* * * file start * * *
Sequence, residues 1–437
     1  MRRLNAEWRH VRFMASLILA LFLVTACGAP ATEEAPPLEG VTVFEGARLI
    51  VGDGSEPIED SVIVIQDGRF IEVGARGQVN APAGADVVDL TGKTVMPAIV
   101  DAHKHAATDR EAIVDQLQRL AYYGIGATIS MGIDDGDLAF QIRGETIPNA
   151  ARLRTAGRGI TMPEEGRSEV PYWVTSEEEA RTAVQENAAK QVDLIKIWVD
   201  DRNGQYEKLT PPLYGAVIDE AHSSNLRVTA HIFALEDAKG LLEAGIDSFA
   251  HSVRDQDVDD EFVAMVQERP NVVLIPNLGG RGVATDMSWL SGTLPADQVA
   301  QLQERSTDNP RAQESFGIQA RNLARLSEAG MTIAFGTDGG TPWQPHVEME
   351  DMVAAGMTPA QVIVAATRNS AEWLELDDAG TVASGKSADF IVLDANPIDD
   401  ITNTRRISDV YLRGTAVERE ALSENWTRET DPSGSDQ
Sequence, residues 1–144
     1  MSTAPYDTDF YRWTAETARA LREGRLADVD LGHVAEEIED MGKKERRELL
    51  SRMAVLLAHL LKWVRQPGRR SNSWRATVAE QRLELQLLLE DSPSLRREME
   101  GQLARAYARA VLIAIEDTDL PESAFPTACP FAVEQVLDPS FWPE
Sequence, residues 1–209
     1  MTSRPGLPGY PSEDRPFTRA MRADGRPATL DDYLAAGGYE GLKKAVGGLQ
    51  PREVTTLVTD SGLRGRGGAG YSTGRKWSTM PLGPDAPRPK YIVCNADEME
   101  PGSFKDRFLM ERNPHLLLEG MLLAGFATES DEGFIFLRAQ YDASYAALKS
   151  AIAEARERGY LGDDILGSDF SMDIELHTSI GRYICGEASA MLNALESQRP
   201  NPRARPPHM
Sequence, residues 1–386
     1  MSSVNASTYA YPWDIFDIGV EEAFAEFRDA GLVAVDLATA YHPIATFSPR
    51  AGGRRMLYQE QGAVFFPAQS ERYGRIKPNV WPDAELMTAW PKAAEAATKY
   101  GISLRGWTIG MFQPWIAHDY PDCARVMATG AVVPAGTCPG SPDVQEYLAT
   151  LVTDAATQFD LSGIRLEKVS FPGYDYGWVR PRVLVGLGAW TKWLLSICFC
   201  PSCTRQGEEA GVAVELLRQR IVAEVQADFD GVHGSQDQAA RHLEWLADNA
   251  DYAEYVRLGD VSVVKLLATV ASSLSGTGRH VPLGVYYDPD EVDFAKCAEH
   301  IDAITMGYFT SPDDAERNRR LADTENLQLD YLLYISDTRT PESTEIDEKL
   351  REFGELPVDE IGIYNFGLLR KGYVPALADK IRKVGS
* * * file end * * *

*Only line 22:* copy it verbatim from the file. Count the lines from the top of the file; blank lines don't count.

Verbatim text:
     1  MSSVNASTYA YPWDIFDIGV EEAFAEFRDA GLVAVDLATA YHPIATFSPR